“We’re out grabbing people in the hallways, saying ‘You want to be in this play?’” Wirth said. “People would have to call up their friends who were either not students or were Chicago actors or maybe were even going to other schools, and roped them into being in things.”

Wirth said it was so difficult to get actors to do these inclusive plays so many other directors avoided picking them. He said the presence of The Nest brings hope for more people to participate in Stage Center productions since they’re living on campus.

“It’s difficult for people at a predominantly commuter school to get them to stay around for rehearsals in the evenings, and that’s regardless of what plays you’re doing,” Wirth said.
Wirth said he’s hoping the upcoming Stage Center’s production of Jose Rivera’s “Marisol” will entice more diverse students to audition.

Yet how are these plays selected in the first place?

An email is sent out to the CMT department announcing the acceptance of proposals for the next Stage Center season, but not to the entire NEIU community.

The Stage Center proposals are Google Forms that anyone in the NEIU community can fill out to pitch the play they want to see performed on stage. The deadline was Jan. 1 of this year.

Anyone outside of the CMT department wouldn’t have been aware of this opportunity. That’s a shame. How are we supposed to highlight inclusive plays if everyone is not informed about the selection process?

Fabian said they’re going to open the acceptance of proposals campus-wide in the 2019-2020 season, and are trying to figure out the logistics of that.

“I’m like one of the only people who has to read all of the plays,” she said. “If I were to get 100 submissions, that’s just a lot. It’s a lot of work…

“We know as Stage Center, we need to do a better job at getting our publicity materials out sooner so people know what’s happening in this room, in this space,” Fabian said.

She said Stage Center is working on finding pathways to make the student body aware that it exists “tucked away” in Building F near Lech Walesa Hall.

Fabian is working with the Director of the Angelina Pedroso Center for Diversity and Intercultural Affairs Maria Genao-Homs to have some rehearsals for the upcoming play “Marisol” in that space to expose students to Stage Center.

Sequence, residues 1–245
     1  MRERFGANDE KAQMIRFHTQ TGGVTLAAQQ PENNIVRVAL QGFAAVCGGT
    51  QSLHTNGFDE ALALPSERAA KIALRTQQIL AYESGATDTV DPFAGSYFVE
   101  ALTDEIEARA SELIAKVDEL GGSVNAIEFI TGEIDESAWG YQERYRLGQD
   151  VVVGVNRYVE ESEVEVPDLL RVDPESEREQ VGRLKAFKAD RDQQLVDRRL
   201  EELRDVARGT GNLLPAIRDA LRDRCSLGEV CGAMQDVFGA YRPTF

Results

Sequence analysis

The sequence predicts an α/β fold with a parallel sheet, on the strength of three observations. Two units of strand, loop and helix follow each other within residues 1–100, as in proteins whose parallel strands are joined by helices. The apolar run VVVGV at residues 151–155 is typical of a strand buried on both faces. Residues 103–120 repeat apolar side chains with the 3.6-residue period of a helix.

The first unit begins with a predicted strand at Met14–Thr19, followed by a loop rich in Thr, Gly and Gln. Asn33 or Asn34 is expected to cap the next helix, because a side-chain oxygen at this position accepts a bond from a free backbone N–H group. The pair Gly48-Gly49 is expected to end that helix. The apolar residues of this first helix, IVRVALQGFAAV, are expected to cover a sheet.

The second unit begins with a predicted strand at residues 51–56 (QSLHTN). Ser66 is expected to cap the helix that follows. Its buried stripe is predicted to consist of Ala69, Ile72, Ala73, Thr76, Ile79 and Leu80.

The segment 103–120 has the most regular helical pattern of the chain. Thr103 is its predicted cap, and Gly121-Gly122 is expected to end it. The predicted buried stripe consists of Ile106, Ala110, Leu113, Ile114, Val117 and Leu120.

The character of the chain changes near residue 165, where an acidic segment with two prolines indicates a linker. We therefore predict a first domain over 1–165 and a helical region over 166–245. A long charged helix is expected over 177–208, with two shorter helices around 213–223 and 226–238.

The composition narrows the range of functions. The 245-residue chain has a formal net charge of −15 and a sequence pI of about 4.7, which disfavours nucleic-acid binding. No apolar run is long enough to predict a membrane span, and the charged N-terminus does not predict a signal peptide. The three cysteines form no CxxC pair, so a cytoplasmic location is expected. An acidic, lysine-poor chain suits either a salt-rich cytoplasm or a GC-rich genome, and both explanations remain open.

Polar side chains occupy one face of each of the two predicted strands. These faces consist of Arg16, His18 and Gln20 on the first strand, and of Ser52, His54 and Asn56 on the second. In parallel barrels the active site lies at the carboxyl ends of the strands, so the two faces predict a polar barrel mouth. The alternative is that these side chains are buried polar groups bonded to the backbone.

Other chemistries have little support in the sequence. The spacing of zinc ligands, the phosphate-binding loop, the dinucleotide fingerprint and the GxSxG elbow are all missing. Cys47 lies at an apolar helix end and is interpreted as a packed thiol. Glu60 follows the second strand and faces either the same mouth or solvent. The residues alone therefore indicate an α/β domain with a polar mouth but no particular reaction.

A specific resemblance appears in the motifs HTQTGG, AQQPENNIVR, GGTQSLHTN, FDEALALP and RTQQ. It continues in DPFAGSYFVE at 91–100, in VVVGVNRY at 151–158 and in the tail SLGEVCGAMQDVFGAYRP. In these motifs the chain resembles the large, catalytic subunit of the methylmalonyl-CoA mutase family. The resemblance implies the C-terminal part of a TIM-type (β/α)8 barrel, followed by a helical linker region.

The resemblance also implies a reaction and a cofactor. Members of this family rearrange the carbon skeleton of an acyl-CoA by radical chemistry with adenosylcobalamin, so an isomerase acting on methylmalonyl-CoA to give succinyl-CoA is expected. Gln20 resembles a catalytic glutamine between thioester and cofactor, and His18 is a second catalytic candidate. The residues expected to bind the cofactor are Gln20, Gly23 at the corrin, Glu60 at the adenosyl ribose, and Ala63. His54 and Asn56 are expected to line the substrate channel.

“By hosting some rehearsals in there – I know a lot of students hang out in that space, to relax or to do homework,” Fabian said. “It’s a really open and welcoming space so that they get to see the rehearsals.”

While I think these ideas for outreach are great, the need for an inclusive theme is extremely important. Fabian said Stage Center is going to become a homebase for Microteatro Ambulante, the first bilingual microtheater company in Chicago, perhaps in the fall of 2019.

“We talked about the lack of representation in Stage Center, so (Microteatro Ambulante) might help gain or boost interest,” Fabian said. “You want to be able to come here and see part of yourself or your full-self being represented, right? Being able to have her company present means that they can also help with doing outreach on campus.”

Having a Spanish and English-speaking theatre company might help push for more relatable plays, but until then, I think Stage Center and the CMT department need to recruit actors more effectively and make their presence known on campus.

We, as students, need to also show up and audition if we want to see ourselves being represented on stage. Stage Center is open to all NEIU students, faculty and staff, as well as the Chicago community.

*Disclaimer: the reporter of this story is a Stage Center actress and student aide at the APCDIA.

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About the Writer
Cecilia G. Hernandez, Editor-in-Chief

Cecilia G. Hernandez (pronouns: she/her/hers) is a senior studying English, philosophy, and child advocacy studies at Northeastern Illinois University....

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NEIU Stage Center Theatre lacks diversity